Interlock is a way of positioning cards such that the bottom card of the upper half of the deck is under the top card of the lower half of the deck. This condition, among other things, allows you to ditch, change or vanish cards.
Nelson Hahne and Joe Berg described a simple use for the “interlock” configuration in Here's Magic, 1930, p. 17-18, in a trick called “A Mysterious Change”.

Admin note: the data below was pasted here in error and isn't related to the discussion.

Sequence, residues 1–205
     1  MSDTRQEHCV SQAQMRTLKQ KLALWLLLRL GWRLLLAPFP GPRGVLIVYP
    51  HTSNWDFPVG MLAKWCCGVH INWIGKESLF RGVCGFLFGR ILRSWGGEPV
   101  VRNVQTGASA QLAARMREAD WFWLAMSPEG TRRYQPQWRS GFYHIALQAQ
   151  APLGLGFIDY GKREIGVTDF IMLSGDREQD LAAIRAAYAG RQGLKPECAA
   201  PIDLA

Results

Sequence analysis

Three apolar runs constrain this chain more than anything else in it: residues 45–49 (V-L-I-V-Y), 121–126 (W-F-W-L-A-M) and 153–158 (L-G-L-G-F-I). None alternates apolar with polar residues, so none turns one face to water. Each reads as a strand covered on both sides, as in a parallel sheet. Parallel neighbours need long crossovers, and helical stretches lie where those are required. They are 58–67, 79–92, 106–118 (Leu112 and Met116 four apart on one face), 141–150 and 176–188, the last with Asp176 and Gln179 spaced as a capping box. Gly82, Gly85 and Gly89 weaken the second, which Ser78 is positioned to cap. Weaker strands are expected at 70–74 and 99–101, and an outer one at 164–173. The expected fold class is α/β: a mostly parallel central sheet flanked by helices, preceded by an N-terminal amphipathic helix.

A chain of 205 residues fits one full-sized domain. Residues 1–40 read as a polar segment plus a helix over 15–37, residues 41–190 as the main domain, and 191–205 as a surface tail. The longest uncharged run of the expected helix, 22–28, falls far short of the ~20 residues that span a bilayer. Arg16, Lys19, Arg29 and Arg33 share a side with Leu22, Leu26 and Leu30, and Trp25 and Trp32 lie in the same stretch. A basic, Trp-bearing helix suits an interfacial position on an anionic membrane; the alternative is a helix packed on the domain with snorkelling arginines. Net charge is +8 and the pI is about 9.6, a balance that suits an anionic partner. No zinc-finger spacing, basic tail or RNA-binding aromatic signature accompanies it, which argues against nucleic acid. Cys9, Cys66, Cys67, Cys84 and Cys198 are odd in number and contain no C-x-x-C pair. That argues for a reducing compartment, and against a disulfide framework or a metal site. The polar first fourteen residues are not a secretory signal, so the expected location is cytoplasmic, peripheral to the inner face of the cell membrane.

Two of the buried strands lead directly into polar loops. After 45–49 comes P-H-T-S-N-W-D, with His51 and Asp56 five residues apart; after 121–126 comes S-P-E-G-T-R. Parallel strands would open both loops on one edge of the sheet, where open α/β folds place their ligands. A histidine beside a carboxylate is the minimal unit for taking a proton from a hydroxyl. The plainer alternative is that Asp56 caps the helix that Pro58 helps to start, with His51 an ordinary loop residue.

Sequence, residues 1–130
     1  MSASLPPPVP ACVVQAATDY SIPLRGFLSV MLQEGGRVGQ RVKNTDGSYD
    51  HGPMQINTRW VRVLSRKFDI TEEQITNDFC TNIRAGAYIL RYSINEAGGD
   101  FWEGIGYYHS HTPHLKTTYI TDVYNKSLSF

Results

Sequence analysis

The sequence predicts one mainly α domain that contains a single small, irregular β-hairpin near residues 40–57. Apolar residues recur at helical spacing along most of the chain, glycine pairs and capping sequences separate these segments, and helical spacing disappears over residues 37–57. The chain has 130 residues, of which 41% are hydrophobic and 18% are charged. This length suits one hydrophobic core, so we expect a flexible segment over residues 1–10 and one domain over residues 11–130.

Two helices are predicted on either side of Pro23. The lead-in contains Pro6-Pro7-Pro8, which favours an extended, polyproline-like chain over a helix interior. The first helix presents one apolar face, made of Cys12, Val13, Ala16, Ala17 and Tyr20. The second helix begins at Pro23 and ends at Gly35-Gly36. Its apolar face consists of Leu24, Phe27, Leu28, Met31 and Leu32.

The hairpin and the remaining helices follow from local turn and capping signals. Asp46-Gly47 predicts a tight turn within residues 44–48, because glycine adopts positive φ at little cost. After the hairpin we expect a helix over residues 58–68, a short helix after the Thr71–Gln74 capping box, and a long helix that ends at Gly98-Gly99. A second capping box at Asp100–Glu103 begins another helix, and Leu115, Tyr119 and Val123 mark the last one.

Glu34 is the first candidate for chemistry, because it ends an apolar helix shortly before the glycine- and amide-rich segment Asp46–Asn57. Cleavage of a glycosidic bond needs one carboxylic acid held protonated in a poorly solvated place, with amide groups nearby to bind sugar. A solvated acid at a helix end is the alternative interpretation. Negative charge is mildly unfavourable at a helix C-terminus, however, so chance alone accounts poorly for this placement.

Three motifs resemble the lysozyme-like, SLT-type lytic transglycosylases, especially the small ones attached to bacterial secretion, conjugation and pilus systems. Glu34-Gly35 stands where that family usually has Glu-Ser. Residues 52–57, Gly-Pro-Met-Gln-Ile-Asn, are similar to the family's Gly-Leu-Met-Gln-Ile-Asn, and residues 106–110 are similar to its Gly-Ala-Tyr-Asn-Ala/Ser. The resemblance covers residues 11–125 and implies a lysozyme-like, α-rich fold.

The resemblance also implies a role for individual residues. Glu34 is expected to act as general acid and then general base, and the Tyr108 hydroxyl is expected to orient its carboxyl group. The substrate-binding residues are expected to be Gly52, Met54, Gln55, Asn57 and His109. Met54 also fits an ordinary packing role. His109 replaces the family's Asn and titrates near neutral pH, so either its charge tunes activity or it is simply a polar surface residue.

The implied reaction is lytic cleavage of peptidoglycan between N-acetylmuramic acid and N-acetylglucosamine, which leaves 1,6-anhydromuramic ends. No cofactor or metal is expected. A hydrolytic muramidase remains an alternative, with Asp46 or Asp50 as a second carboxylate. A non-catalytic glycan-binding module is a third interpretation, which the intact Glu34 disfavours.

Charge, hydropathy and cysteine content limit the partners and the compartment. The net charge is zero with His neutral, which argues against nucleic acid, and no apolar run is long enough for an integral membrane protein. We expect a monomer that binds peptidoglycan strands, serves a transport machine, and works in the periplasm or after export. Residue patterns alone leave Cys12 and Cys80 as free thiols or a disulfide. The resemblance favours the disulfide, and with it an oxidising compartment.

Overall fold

The principle later appeared in R. W. Hull's The Elusive Joker, n.d. (c. 1931), p. 2-3. Hull makes no claim of originality. In fact, on p. 11 he states, “This shift of second card is made possible by the arranging of the two packets. It is really not a new move, but has been used in different variations for years…” In The Vernon Chronicles, Vol. 2, 1988, p. 149, Dai Vernon is reported to have claimed that he created the idea c. 1925. Following this, Stephen Minch, echoing Vernon's opinion, states that Ralph Hull neglected to credit Vernon when he published his application, an oversight Hull made with other Vernon material.